Unlike RSBG and E11even, the Hot Stove is only open during hockey games. “We tried to open it during basketball games about five years ago, but it failed miserably,” explains Bartley, who alludes to further changes in the coming months. “It’s different demographics, and it was always branded as a Leaf club. So this year, we opened it up for Raptors games, as long as you have a ticket to get in.”

Meanwhile, changes haven’t been restricted solely to MLSE’s restaurants. “We’ve added a Hero Burger concept in the Air Canada Centre. It seemed like a right fit for us; it’s a local brand,” says Bartley. “And, we’ve had to change Burkie’s Dog House; it’s just the Dog House now,” quips the chef, referring to the changes necessitated by the firing of Maple Leafs’ GM Brian Burke earlier this year.

Additionally, MLSE introduced oysters on the “half shell” to the 100 level and the Platinum suites area. “We’re starting to see some pick up. We have more than 100 different menu items in our concessions, but it takes time for people to get to know the menu. We came up with a menu guide, showing people what the options are, whether you’re health-conscious or want specialty items.”

MLSE is using social media to help fans understand the options, from fruit cups to pizza, chicken fingers and hotdogs. The culinary team is in the throes of researching steam buns, roasted pork and more hand-held vegs. “We’re always trying to recreate new concepts and looking at other stadiums to see what they’re doing,” says Bartley.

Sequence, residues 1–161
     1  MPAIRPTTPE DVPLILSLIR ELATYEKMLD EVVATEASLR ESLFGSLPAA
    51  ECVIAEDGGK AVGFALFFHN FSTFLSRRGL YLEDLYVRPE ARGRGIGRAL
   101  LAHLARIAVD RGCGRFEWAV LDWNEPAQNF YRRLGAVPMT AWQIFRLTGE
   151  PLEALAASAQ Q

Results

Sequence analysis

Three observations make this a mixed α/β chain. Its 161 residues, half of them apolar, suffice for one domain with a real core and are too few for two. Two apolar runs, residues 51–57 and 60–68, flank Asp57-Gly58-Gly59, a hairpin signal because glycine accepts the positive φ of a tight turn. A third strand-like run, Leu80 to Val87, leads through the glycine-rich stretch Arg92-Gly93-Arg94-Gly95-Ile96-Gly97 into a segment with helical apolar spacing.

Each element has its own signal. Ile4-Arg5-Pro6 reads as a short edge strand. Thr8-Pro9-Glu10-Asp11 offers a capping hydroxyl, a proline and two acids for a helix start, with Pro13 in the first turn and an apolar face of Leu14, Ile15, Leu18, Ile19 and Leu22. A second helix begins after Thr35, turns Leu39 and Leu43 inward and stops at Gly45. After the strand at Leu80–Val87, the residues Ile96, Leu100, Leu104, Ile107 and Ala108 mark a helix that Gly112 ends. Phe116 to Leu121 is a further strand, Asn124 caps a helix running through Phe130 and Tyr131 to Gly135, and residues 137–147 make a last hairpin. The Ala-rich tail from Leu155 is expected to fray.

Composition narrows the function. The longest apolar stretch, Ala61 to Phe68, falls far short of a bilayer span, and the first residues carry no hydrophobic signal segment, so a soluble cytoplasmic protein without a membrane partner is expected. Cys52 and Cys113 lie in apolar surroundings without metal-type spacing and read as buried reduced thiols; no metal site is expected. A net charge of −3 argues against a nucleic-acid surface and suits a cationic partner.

The formula is working. MLSE has been ranked as one of the top 15 stadiums in North America. “We’re considered leaders in the industry, and the biggest difference is we’re self-operated. Ninety per cent of everything else out there is third-party in almost every arena. That’s part of our distinctive difference.”

Still, despite the success, Bartley isn’t resting on his laurels. The chef alludes to more changes to come. “We’re looking at a potential expansion at [Toronto’s] BMO Field, with modification of the offerings we do there. It’s a city-owned property, so we have to work in conjunction with them. There’s some exciting stuff to come.”

And, who knows, with the real possibility of the Leafs making the playoffs for the first time in almost 10 years, there just may be more than one winning team at MLSE.

image courtesy of Chrtistopher Dew